Britain's best selling cars from the 80s
The 1980s were all about technology. Cars were built by robots. Cars were packed with gadgets. Some cars told you when to put your seatbelt on and when you were running out of fuel.
From the start of the 1980s cars were going to look different and distinctive. All the major manufacturers launched new models in 1980. BL launched the Metro, Ford launched a new Escort and Vauxhall the Astra. All three are on our best-selling list.
1979 was the first year when imported cars took more than 50% of the UK market. However, no foreign car made into the top ten for the decade.
The 1980s was Ford's decade. Ford cars took the top three places and the number seven and number nines slots as well.
The top seller was the Escort. It took the top spot in 1982, the year Ford replaced the Cortina with the Sierra. Perhaps people did not like the 'jelly mould' and traded down. Luckily for Ford they remained loyal to the brand.
There was a strong challenge from the Vauxhall Cavalier, which beat the Ford Sierra in 1984 and 1985. For a time the Cavalier was the car to have in the 1980s if you could not afford a BMW.
The 1980s was the last decade when Austin-Rover (as BL was now called) was still in contention. The Metro was the car that saved the company.
These are the top ten best-selling UK cars of the 80s.
1. Ford Escort
Ford launched a new Escort, the Mk3, for the new decade in September 1980.
The new Escort had a hatchback body and a new range of engines. Unlike previous Escorts, it was front-wheel drive.
There were a range of engines: 1100, 1300 and 1600. Trim levels were L, GL and Ghia. There was also a high performance XR3 version.
Ford invested £135m in its Halewood plant in Merseyside to build the new Escort by robot. Ford encouraged its 13,000 employees to show an eighties' attitude.  They showed a seventies' attitude and were on strike by the end of the year.
The new Escort caused controversy. Ford executive Bill Hayden said it took 21 hours to make an Escort at Ford's German plant in Saarlouis, but 40 hours to make one in Merseyside. 
The Escort got a revamp in 1986 to become the Mk IV. It had a restyled nose. There was also a new 'lean burn' 1600cc engine which could run on lead-free petrol. There was also Ford's quick clear windscreen available as an option.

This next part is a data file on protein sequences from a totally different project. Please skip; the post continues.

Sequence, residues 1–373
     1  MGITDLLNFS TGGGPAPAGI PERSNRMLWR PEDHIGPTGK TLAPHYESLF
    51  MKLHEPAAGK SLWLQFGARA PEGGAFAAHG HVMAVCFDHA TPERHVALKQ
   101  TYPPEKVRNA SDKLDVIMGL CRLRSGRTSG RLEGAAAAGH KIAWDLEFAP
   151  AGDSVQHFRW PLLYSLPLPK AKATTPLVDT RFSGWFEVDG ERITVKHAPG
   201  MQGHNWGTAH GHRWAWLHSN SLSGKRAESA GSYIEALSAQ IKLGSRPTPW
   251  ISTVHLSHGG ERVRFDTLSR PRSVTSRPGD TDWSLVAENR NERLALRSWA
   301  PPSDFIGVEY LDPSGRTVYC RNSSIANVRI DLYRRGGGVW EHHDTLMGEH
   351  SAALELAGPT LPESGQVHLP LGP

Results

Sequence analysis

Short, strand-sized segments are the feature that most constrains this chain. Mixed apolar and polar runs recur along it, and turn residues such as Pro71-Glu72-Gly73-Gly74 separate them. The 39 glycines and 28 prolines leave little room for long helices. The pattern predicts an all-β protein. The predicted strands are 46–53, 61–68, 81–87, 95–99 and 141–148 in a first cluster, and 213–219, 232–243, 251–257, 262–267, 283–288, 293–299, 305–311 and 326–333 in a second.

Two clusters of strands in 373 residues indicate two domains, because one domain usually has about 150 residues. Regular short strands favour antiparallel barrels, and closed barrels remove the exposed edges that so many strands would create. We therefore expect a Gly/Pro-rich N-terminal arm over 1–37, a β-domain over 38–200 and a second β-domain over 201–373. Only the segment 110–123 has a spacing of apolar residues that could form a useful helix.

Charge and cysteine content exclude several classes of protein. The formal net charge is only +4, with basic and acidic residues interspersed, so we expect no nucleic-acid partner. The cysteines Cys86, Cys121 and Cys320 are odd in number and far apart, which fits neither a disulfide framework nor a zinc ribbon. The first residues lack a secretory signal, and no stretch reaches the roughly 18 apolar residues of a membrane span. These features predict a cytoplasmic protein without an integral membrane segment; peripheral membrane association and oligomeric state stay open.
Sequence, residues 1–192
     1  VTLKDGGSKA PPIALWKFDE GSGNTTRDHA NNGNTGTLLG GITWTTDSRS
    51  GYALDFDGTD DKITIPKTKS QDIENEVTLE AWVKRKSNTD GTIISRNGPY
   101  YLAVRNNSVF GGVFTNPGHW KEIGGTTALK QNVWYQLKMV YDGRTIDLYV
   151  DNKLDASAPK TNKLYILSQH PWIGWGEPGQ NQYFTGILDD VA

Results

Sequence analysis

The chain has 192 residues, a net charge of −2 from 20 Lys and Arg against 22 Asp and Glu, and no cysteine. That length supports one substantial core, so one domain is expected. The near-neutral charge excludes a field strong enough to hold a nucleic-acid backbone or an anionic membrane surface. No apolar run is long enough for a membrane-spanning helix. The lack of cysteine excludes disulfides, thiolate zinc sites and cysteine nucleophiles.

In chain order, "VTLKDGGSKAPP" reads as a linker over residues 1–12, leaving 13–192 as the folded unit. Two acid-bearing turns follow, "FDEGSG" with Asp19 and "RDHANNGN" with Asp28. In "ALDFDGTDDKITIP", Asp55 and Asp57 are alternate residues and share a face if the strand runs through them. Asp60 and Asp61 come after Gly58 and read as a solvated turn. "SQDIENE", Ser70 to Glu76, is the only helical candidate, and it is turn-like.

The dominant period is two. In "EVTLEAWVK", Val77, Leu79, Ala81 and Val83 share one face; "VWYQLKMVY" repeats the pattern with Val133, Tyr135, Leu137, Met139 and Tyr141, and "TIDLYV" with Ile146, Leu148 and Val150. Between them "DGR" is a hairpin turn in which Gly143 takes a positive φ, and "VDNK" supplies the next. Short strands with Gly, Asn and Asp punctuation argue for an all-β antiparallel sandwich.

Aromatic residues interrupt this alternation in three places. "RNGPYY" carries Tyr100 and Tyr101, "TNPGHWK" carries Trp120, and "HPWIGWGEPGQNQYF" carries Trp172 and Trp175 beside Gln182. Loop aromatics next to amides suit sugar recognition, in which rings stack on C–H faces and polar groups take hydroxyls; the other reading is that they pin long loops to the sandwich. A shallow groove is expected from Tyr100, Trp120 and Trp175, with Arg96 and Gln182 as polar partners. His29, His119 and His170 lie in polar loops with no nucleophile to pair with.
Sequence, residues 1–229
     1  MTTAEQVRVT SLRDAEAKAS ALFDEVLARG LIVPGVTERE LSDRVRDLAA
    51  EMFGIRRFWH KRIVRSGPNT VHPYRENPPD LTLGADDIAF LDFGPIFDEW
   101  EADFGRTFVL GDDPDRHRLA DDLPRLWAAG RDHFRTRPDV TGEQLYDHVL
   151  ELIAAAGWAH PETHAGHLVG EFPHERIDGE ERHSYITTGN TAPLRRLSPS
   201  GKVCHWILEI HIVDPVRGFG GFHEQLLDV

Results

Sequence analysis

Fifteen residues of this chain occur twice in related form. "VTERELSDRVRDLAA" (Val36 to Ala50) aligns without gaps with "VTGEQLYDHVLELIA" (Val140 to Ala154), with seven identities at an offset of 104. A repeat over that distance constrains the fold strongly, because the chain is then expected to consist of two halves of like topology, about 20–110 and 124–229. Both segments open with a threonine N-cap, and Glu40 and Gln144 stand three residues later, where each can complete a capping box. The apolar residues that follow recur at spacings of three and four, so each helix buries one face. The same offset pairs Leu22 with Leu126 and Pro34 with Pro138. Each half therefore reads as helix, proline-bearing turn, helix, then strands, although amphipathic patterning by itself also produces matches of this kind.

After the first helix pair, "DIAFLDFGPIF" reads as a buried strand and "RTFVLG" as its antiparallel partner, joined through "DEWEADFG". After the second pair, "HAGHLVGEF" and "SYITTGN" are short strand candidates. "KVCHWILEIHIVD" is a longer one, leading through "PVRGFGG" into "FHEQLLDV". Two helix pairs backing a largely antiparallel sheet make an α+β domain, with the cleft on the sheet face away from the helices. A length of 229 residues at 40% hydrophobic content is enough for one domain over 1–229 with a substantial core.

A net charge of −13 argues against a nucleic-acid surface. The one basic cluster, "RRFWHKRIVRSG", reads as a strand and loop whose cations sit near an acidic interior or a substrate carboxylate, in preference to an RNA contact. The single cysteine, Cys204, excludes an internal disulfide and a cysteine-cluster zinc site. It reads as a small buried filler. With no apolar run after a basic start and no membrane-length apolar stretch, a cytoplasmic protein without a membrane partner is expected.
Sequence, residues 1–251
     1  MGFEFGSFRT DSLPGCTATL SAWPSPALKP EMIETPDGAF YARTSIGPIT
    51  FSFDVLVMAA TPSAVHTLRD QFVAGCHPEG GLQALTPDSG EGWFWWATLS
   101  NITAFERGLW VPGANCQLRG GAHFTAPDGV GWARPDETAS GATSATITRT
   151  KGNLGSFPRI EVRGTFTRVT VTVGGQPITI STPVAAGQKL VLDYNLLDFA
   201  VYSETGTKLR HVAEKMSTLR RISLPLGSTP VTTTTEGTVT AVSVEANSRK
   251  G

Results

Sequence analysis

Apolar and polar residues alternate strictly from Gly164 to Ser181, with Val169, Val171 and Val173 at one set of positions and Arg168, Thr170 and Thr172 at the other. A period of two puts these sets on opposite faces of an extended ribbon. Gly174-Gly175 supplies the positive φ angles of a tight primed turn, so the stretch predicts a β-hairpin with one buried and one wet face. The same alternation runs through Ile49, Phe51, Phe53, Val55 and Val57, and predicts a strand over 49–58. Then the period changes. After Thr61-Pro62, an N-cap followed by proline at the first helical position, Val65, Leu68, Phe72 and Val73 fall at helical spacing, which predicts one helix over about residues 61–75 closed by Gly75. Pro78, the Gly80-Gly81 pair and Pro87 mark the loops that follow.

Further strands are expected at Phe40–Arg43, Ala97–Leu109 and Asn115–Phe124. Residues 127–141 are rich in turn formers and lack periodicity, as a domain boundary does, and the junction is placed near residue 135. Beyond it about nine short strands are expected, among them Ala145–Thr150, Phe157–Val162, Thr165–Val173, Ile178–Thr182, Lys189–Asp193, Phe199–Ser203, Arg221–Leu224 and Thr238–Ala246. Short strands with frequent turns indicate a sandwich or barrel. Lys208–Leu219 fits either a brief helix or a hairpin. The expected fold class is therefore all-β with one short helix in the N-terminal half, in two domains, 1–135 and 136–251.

As with the Cortina in the 1970s, Ford had found the right formula for the new decade. They sold 1.6 million Escorts in the 1980s.
See also Ford cars from the 1970s
2. Ford Fiesta
The Fiesta was Ford's supermini. They launched it in 1976. It did not make it into the top ten cars of the 1970s. But it managed a number five slot in 1978.
The original Fiesta continued until 1983, when its squared off 70s' lines were reshaped for the 1980s.
Ford revised the Fiesta again in 1989. The look was still more rounded. At the same time, ride and interior space were improved. Sales kept rolling in.
3. Ford Sierra
The Sierra was Ford's replacement for the Cortina. The Cortina was Britain's number one. The Sierra had to be good.
For once Ford did not get it right. The design was based on advanced aerodynamics. The car was rounded instead of square and people called it the 'jelly mould'.
Ford told the public that the Sierra used less fuel than the Cortina, needed less servicing and had more space. The public was not impressed and hung onto their Cortinas as long as they could.
Aggressive discounting from Ford helped people get more used to the new shape. The Sierra sold well. But it never beat the Cortina's 1979 record of 193,000 units. Worse still, it was beaten by the Vauxhall Cavalier in 1984 and 1985.
4. Austin/MG Metro
The Austin Metro was launched in 1980 as a 'British car to beat the world'. It was a late entry super-mini for BL which relied on the venerable Mini from 1959 up until then. The Metro had good reviews and was a competent car.
There was a range of different trim levels and two sporty MG variants, one of which was turbo charged.
The range was topped by a lovely Austin Metro Vanden Plas, which had leather seats and wooden trim. It was packed with just about every imaginable extra, such as electric windows and a stereo cassette player.
5. Vauxhall Cavalier
Vauxhall launched the Cavalier way back in 1975. But the real story of the Cavalier began in 1981.